Having recently released her evocative debut EP, Breathe In, Breathe Out, Boston based artist and producer Annie Elise strives to elevate women in music production through the celestial soundscapes she creates. Born with Synesthesia, she is a “conductor for colour” – creating music that produces the colours she likes to see. The result are blissful, electro-driven, R’n’B infused pop anthems showcasing both her rich, sweeping vocals and innovative production capabilities.
We caught up with Annie to find out more about the EP, how she got into creating music and what inspires her… Have a read, and make sure you check check out Breathe In, Breathe Out, which was released in partnership with non-profit organisation Someone To Tell It To, which is dedicated to the power of compassionate listening in today’s society.
Hi Annie Elise, welcome to Get In Her Ears! Can you tell us a bit about yourself?
Hey there, thanks so much for having me! My name is Annie Elise, and I’m a producer/artist/A&R currently living in Boston. I really love the colour purple, and I have a kitten named Juno, short for Roland Juno-106 Polyphonic Synthesizer.
How did you start creating music?
It was a bit of a perfect storm. I was born with a neurological condition called Synesthesia that causes me to physically see sound and hear colour, so naturally I gravitated towards music. I was also born into a musical family – my dad is an amazing music educator. When I was nine, his middle school program was gifted an iMac lab to learn Garage Band, and I became the guinea pig for the new curriculum. I was instantly hooked and would sneak downstairs at night to go play around with some sounds, and that was my first experience with production. Around that time, I started studying classical violin, and later was accepted into Berklee College of Music to study violin performance. But I guess my hands had other plans – about halfway through my first semester, my fingers stopped working as they should and I was eventually diagnosed with Focal Dystonia, which meant a career in violin performance was out of the question. Heartbroken, I had to decide what to do next, and I decided to pivot towards production, and never looked back. Thankfully, it allows me to still be creative without needing all ten fingers working perfectly! And now I’m here, and I wouldn’t want it any other way.
Your latest EP Breathe In, Breathe Out is out now – can you tell us what it’s all about? Are there any themes running throughout the EP?
To sum it up the best I can, it’s the honest, genuine story of my worst year. It’s filled with grief, loss, doubt, stress, surgeries, hospital visits, and sexism – but also perseverance, finding inner strength, identity and recognition. I think optimism in the face of uncertainty is a big theme for me – starting around the time I lost the use of my finger – and I like to think of this as a personal journey of the healing process. I recorded all the strings on the EP myself, and it was a long and frustrating process to deal with the Dystonia, but it was so special for me to be the one playing my violin. The EP kind of starts in this incredibly dark and overwhelming place with ‘Breathe In’, and then over the course of the record slowly gets lighter and more optimistic until the end, when you end with ‘Breathe Out’, which is all about welcoming peace and letting things be.
You’ve been compared to the likes of Shura and Robyn, but who would you say are your main musical influences?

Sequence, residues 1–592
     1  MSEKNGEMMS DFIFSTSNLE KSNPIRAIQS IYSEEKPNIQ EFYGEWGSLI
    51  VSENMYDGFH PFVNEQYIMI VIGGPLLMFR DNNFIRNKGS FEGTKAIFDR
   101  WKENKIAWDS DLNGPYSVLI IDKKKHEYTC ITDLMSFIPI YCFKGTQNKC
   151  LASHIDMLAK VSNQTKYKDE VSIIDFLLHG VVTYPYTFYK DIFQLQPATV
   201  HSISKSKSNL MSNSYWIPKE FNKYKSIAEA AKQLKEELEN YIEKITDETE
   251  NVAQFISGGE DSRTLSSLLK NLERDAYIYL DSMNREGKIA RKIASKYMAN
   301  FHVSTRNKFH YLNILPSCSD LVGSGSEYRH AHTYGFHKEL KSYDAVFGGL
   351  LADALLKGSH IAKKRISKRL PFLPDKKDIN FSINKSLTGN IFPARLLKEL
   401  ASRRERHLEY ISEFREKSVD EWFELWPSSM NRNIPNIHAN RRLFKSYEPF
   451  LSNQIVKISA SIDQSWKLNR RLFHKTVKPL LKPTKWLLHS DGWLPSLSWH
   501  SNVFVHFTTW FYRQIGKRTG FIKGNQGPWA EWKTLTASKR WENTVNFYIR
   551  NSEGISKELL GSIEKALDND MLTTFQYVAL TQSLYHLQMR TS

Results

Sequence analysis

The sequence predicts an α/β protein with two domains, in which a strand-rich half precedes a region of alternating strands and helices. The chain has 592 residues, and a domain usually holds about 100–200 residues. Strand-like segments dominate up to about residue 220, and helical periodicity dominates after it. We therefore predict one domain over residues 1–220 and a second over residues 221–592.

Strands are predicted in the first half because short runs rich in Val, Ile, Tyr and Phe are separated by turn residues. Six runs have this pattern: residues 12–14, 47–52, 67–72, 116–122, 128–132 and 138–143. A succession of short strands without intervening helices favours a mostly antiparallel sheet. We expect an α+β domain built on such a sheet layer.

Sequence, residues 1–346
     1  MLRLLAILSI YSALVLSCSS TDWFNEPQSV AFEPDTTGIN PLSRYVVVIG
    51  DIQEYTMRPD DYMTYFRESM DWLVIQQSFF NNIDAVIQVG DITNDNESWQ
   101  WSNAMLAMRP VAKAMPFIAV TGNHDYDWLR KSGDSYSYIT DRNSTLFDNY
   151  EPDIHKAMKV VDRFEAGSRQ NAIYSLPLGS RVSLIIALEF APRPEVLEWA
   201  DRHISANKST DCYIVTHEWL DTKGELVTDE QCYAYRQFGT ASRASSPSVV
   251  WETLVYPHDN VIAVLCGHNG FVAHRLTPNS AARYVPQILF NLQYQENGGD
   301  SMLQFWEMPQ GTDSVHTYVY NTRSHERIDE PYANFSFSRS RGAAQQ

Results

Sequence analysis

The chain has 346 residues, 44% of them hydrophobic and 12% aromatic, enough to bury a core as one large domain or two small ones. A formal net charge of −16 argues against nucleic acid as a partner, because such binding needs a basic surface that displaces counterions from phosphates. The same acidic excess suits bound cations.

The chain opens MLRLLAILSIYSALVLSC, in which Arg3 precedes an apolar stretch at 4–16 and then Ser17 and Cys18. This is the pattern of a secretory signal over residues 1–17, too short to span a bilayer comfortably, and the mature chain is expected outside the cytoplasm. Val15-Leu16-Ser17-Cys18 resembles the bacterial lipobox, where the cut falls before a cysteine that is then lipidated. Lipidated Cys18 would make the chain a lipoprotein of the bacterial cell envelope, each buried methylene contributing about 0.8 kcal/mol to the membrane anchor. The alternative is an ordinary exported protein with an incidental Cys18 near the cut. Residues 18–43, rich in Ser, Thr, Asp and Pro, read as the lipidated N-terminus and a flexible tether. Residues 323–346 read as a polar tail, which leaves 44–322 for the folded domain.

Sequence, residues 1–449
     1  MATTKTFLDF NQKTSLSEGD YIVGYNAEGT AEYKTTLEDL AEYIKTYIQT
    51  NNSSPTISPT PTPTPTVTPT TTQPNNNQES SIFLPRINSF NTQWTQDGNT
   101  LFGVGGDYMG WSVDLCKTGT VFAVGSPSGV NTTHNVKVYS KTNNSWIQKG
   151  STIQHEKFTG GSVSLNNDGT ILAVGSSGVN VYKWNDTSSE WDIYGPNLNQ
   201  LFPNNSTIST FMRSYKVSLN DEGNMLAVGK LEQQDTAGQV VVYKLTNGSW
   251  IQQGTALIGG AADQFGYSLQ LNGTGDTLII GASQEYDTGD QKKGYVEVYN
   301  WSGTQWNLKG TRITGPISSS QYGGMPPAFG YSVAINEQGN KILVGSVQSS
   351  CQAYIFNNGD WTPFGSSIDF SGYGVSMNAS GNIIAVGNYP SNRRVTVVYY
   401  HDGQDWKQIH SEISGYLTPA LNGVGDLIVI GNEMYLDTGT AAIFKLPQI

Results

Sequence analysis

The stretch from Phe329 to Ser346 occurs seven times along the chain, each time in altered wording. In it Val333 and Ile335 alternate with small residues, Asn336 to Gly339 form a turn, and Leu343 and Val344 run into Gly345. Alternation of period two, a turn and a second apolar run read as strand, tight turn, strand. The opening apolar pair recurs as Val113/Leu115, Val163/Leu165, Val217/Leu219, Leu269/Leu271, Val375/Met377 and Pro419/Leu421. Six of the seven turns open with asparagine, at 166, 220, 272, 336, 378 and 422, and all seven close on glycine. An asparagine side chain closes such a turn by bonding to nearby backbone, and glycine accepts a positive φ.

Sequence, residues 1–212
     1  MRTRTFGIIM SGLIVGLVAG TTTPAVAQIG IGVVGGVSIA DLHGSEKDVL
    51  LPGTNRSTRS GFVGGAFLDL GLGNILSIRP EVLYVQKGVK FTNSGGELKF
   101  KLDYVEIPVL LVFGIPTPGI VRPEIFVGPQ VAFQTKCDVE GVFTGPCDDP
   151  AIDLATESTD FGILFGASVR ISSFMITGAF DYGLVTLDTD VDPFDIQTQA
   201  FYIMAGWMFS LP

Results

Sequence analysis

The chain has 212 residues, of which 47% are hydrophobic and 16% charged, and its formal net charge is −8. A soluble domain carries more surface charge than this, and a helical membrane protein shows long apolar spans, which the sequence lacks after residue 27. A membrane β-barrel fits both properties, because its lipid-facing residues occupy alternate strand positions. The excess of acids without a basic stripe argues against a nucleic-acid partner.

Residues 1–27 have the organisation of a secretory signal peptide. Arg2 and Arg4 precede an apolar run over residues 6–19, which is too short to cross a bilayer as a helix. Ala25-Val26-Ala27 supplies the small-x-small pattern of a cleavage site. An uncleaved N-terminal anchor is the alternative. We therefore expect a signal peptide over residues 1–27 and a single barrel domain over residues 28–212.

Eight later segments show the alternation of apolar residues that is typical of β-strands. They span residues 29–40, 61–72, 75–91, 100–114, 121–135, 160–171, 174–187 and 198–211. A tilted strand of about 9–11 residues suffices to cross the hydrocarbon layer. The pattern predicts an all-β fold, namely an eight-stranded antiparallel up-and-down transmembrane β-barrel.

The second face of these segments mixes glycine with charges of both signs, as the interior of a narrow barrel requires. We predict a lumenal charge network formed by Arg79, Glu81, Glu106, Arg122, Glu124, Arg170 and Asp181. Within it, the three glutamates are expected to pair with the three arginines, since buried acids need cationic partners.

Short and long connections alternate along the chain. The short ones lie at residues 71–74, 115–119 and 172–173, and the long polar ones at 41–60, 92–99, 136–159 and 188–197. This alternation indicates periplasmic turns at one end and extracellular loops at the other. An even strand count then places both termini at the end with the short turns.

I’m super inspired by other gender minorities in production who are absolutely killing it – Bad Snacks, Rachel K Collier, and SoWylie to name a few – as well as songwriters who are able to just be 1000% honest and genuine. Matthew Thiessen of Relient K has been a huge influence for me, as well as Devon Again and Lila Drew.
How is your local music scene? Do you go to see lots of live music?
I end up seeing a lot of live music thanks to my A&R work! Going to support and scout artists is all part of the job, and I’ve really enjoyed watching all sorts of acts just be their best selves on stage. It’s really inspiring.
And what can fans expect from your live shows?
Last month, we finished up our first ever Northeast Tour! It was soooo much fun. When I’m performing solo, you can expect a solo beat set. I hook up a vocal mic, my SP404sx, my viola and we have a ball. When I’m performing with my band, the set sounds way more neo-soul than electronic, and it’s way less for me to worry about since there’s no looping, no sampling, no playing while singing… Just me and the band. There’s things I love about both setups, but sometimes it’s just logistically easier to do it one way over another. I love having the flexibility and also the unpredictability of having every show be something different.
As we’re a new music focused site, are there any new/upcoming bands or artists you’d recommend we check out?
I mentioned Bad Snacks earlier – def check her out! She’s one of the reasons I decided to make the leap into production, and I can’t wait to watch her music continue to do amazing things.
And how do you feel the music industry is for new bands at the moment – would you say it’s difficult to get noticed?
Speaking as an A&R, I would definitely say that it can be harder to cut through the noise since making and releasing music is far more accessible these days. Surrounding yourself with the right team and being true to yourself as an artist is the absolute best thing you can do.
Finally, what does the rest of 2022 have in store for Annie Elise?
Lots of new music – both for my artist project, and music that I’ve produced for other people. I’m really excited for it all to be out into the world.
Massive thanks to Annie for answering our questions!
Breathe In, Breathe Out, the debut EP from Annie Elise, is out now.